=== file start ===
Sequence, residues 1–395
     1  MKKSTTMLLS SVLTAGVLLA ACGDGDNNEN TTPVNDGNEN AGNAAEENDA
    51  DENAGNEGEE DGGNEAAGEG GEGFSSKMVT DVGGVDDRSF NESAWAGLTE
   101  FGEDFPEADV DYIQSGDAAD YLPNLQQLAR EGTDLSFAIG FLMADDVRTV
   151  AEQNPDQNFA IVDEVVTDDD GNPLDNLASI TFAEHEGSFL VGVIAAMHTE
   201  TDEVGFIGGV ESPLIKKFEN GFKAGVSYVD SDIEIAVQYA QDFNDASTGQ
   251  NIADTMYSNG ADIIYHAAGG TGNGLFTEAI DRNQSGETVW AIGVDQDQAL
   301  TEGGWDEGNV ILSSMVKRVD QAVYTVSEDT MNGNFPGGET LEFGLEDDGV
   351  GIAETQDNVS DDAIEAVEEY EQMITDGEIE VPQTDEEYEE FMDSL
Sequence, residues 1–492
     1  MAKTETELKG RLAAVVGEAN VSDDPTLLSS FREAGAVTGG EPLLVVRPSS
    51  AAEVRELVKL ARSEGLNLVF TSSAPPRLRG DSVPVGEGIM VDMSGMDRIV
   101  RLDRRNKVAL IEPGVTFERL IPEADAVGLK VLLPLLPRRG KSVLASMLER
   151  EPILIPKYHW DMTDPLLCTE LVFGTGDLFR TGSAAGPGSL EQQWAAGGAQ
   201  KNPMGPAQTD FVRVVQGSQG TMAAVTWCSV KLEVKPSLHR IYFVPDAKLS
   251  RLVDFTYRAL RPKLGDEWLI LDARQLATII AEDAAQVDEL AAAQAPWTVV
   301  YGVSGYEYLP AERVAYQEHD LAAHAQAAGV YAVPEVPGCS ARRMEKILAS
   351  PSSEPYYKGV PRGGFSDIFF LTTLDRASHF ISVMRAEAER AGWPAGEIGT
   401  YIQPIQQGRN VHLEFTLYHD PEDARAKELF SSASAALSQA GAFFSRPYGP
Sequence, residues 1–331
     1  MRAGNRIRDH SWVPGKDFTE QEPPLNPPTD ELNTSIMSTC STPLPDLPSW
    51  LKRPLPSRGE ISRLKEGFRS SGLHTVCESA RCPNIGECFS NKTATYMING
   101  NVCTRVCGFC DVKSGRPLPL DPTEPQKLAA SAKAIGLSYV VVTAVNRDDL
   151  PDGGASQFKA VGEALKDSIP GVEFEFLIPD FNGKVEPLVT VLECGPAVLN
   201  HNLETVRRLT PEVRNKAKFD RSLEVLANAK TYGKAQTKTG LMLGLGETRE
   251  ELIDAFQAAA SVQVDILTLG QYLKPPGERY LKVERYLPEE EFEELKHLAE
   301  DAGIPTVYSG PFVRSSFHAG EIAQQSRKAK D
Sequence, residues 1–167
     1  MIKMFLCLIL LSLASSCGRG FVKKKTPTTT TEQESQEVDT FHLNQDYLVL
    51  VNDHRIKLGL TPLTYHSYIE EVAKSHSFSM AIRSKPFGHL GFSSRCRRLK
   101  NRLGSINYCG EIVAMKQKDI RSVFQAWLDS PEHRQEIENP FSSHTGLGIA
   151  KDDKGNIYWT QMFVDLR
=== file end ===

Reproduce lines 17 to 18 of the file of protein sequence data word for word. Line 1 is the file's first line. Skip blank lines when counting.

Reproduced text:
   301  YGVSGYEYLP AERVAYQEHD LAAHAQAAGV YAVPEVPGCS ARRMEKILAS
   351  PSSEPYYKGV PRGGFSDIFF LTTLDRASHF ISVMRAEAER AGWPAGEIGT